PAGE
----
The "Faith for Rights" framework in action
The Beirut Declaration and its 18 commitments on "Faith for Rights" have been referred to by several UN bodies, including the:
UN Secretary-General: In several thematic and country-specific reports including those concerning minorities’ rights, combating intolerance, the UN operations in Cyprus and the work of the Organization)
High Commissioner: in his annual report, updates on the situation of human rights of Rohingya (in
2020) and thematic reports concerning minorities’ rights, combating intolerance, preventing human rights abuses, and youth and human rights).
Special Rapporteur on freedom of religion or belief: In reports to the General Assembly and Human Rights Council, as well as annexing the full text to UN Doc. A/HRC/40/58.
Treaty Bodies: For example, the Committee on the Elimination of Discrimination Against Women raised the "Faith for Rights" framework in their dialogues with States parties since July 2017, which was also reflected in the Committee’s concluding observations. It is also referred to in the Human Rights Committee’s
general comment no. 37, adopted in July 2020
The “Faith for Rights” framework has also been used by faith-based actors and civil society organizations. For example, the
G20 Interfaith Forums in Buenos Aires and
Osaka yielded the policy recommendation to reduce incitement to hatred by supporting religious leaders and faith-based actors in fulfilling their human rights responsibilities as summarized in the Beirut Declaration and its 18 commitments.
Also referring to the Beirut Declaration, the
Global Forum on Faith Action for Children on the Move called in its action plan for designing and implementing projects and initiatives aimed at promoting respect for and understanding of minority groups, including those with different beliefs, faiths and religions, to reduce violence, xenophobic narratives and nurture peaceful societies. Furthermore, the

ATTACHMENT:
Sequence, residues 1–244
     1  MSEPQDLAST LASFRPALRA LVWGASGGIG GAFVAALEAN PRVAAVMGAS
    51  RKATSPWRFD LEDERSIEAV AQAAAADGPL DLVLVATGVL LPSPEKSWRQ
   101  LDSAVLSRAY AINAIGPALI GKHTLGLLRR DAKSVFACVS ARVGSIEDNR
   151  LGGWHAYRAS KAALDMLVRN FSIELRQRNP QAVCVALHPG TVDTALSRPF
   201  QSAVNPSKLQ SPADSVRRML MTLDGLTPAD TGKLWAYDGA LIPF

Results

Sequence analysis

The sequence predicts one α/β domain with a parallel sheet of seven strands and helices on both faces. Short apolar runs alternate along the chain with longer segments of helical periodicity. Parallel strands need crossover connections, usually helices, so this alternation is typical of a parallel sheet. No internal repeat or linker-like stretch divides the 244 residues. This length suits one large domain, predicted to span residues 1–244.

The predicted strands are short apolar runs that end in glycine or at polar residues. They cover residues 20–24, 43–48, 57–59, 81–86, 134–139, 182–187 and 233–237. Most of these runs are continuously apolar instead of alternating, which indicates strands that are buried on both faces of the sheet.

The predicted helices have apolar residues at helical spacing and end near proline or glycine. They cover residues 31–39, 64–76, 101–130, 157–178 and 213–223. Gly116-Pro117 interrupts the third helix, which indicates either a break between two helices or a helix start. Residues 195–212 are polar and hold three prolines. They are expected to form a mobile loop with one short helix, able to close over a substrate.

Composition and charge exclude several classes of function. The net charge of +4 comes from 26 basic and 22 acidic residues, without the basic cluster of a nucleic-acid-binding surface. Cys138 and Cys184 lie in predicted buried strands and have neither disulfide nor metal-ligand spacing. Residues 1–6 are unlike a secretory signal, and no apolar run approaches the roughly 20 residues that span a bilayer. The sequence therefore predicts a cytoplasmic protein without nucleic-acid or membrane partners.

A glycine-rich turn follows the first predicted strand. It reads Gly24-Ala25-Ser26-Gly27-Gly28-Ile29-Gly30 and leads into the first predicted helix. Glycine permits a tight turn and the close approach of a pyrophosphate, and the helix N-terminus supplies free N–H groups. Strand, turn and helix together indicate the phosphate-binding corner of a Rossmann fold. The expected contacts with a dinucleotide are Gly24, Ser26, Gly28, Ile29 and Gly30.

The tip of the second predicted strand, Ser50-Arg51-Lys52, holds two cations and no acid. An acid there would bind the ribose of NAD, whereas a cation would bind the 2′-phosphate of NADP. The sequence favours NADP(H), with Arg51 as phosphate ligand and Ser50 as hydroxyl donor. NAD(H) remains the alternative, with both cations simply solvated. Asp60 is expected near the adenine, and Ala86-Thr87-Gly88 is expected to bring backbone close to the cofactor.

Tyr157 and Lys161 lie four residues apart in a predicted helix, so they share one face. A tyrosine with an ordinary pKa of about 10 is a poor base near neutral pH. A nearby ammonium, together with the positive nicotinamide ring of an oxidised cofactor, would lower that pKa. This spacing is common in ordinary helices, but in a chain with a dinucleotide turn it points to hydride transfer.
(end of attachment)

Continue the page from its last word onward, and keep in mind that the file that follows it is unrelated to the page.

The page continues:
religious track of the Cyprus Peace Process organized in October 2019 a “Faith for Rights” seminar in Nicosia, discussing the role that faith communities can play in combatting human trafficking and supporting victims. In November 2019,
Arigatou International published a multi-religious study entitled “Faith and Children’s Rights”, which also draws upon the Beirut Declaration.
In March 2020, the
Statement by Religions for Peace on Coronavirus Crisis “encourage[s] faith actors to use the online
#Faith4Rights toolkit. Now that we all have more time to reflect, you will find that this toolkit offers concrete ideas for learning, teaching, preaching and design community development projects. It also proposes several cases to debate, including a hypothetical case concerning reactions to an epidemic by religious and political leaders.”
Call for joint action in the times of the COVID-19 pandemic (April 2020), the UN Committee on the Elimination of Discrimination against Women referred to its "peer-to-peer learning webinars, in collaboration with Religions for Peace and other partners to explore how various faith communities can scale up collaboration around the diverse challenges posed by COVID19 with a human rights-based approach with respect to women and girls. These webinars will use the #Faith4Rights toolkit as a resource." (click
here for more information on the webinars of
14 May 2020,
21 July 2020, and
27 May 2021). The
European Union Gender Action Plan III , which was issued in November 2020, also notes that “the EU should support mobilisation of religious actors for gender equality in line with the Faith for Rights framework”.
virtual global consultation with faith actors in May 2020, the High Commissioner noted that the challenges related to COVID-19 may be followed by other tests for humanity and for our universal values: “Joining diverse faith actors within a shared vision and framework, we hope to nourish a community of practise, learning from each other and stimulating promising initiative based on human rights and mutual collaboration and respect.” In the context of the “Global Pledge for Action by Religious Actors and Faith-Based Organizations to Address the COVID-19 Pandemic in Collaboration with the United Nations”, a series of monthly peer-to-peer learning webinars is held in 2020 and 2021; please see the
video message, concept note and
snapshot of recommendations.
OHCHR workshops and public statements
OHCHR has co-organized several workshops and webinars to explore further the relationship between religions, beliefs and human rights:
Furthermore, OHCHR officials have raised the “Faith for Rights” framework in the following public statements: